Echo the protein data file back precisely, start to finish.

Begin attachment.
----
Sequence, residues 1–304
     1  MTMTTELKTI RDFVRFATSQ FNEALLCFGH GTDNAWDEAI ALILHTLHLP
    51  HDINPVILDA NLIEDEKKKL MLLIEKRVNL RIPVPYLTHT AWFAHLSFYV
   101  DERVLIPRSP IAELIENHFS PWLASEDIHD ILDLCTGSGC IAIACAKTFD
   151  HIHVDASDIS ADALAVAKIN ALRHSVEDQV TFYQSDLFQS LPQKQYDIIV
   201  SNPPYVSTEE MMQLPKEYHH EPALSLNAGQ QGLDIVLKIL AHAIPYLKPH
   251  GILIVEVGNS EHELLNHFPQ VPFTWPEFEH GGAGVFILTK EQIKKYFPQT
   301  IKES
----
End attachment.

Sequence, residues 1–304
     1  MTMTTELKTI RDFVRFATSQ FNEALLCFGH GTDNAWDEAI ALILHTLHLP
    51  HDINPVILDA NLIEDEKKKL MLLIEKRVNL RIPVPYLTHT AWFAHLSFYV
   101  DERVLIPRSP IAELIENHFS PWLASEDIHD ILDLCTGSGC IAIACAKTFD
   151  HIHVDASDIS ADALAVAKIN ALRHSVEDQV TFYQSDLFQS LPQKQYDIIV
   201  SNPPYVSTEE MMQLPKEYHH EPALSLNAGQ QGLDIVLKIL AHAIPYLKPH
   251  GILIVEVGNS EHELLNHFPQ VPFTWPEFEH GGAGVFILTK EQIKKYFPQT
   301  IKES